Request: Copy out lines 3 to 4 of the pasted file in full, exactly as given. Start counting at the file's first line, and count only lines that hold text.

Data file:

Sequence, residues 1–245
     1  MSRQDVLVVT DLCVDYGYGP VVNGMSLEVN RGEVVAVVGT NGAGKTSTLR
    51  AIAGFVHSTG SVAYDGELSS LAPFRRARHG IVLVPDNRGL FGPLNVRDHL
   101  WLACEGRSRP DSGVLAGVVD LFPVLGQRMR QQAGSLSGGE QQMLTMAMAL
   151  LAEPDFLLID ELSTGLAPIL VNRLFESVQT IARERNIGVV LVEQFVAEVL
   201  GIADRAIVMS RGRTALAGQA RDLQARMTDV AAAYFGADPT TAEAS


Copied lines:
    51  AIAGFVHSTG SVAYDGELSS LAPFRRARHG IVLVPDNRGL FGPLNVRDHL
   101  WLACEGRSRP DSGVLAGVVD LFPVLGQRMR QQAGSLSGGE QQMLTMAMAL